Hundreds attend Orlando shooting vigil in Singapore amid tensions
Hundreds in Singapore joined a vigil Tuesday for victims gunned down in a US club amid growing tensions between conservatives and gays in the city-state.
The shooting, which killed 49 in a popular gay club in Orlando, Floria, hit home for many in Singapore’s local LGBT community, said vigil organiser Nicholas Lim.
“In Singapore, there aren’t any sanctuaries or safe havens for gay people to come out and explore their sexuality at a safe place where they won’t be charged,” Lim told AFP ahead of Tuesday’s vigil.
Sex between men is banned by law in Singapore, a holdover from colonial rule that is not strictly enforced.
In heavily regulated Singapore, politically or socially sensitive public gatherings can only be held in Hong Lim Park, the country’s sole official protest area, but are subjected to strict rules.
On Tuesday evening, organisers said around 700 gathered and sang, forming a giant heart with their glow sticks and electronic candles -- no naked flames are allowed in a public park.
One participant Syafiq Khai, 23, said the Orlando attacks were a result of homophobia being tolerated.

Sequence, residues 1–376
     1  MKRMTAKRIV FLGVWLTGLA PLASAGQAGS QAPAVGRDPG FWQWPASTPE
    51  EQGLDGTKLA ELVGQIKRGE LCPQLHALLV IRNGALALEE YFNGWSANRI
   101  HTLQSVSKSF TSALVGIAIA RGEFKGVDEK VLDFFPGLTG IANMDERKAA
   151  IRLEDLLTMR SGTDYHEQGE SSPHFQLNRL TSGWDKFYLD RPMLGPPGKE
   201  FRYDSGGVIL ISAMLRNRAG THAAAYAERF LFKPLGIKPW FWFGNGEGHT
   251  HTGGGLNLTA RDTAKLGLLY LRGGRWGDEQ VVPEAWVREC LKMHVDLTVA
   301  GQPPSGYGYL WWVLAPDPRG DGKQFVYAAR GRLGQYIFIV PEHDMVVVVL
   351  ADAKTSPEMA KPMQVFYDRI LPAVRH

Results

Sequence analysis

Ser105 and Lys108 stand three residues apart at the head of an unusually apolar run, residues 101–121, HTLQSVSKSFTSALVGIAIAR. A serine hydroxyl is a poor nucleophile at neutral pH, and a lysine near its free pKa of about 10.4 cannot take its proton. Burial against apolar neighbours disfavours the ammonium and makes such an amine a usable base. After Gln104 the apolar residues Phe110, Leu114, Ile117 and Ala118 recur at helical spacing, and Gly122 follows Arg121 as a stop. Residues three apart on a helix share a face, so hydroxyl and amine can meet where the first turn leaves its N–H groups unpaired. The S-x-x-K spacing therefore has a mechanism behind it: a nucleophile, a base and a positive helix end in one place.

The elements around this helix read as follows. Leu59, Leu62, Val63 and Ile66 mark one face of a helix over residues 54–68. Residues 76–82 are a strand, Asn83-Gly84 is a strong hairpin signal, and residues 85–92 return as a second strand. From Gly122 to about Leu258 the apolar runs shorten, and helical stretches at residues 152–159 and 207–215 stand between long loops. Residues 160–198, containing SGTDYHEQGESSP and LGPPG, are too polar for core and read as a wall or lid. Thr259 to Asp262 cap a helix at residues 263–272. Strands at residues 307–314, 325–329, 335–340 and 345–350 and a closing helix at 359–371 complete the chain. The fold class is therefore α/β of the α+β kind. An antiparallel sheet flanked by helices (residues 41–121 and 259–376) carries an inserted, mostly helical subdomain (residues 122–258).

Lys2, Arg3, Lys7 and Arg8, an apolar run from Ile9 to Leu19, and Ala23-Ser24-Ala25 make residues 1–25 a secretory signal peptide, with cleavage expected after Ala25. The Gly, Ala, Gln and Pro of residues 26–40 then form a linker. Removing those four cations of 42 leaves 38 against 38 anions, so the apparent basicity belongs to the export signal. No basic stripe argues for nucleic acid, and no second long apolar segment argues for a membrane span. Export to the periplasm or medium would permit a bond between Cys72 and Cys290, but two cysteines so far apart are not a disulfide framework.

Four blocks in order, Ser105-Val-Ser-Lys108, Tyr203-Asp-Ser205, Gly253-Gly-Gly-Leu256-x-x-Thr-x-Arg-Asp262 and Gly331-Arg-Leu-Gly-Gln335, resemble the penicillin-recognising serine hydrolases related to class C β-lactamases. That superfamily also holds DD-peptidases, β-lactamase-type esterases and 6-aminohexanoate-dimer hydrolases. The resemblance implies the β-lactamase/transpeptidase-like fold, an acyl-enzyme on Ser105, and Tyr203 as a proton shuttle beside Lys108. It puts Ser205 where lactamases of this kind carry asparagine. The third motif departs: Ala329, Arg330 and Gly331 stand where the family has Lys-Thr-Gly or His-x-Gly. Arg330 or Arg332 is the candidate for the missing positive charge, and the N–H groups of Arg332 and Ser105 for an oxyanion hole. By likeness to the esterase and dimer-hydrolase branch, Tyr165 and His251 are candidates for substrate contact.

“Recent events will only make our resolve stronger to push for LGBT rights in Singapore... We have to urge our fellow countrymen to accept that LGBT are part of society,” he said.
The vigil follows several incidents that have left Singapore’s gay community feeling vulnerable.
Earlier this month the government warned foreign firms against sponsoring Pink Dot, an annual gay rights rally. Last weekend, news broke that a local staging of Les Miserables was forced to cut a scene with a kiss between two male actors because of public complaints.
Singapore’s leaders have had to maintain an uncomfortable balance between increasingly vocal conservatives and gay rights supporters.
In 2014, Singapore’s top court upheld the law criminalising sex between men, and children’s books with gay themes were moved to the adults section in public libraries.
In an interview with journalists last year, Singapore prime minister Lee Hsien Loong said the country was not ready to legalise same-sex marriage, but added that the local gay community was not harassed or discriminated against.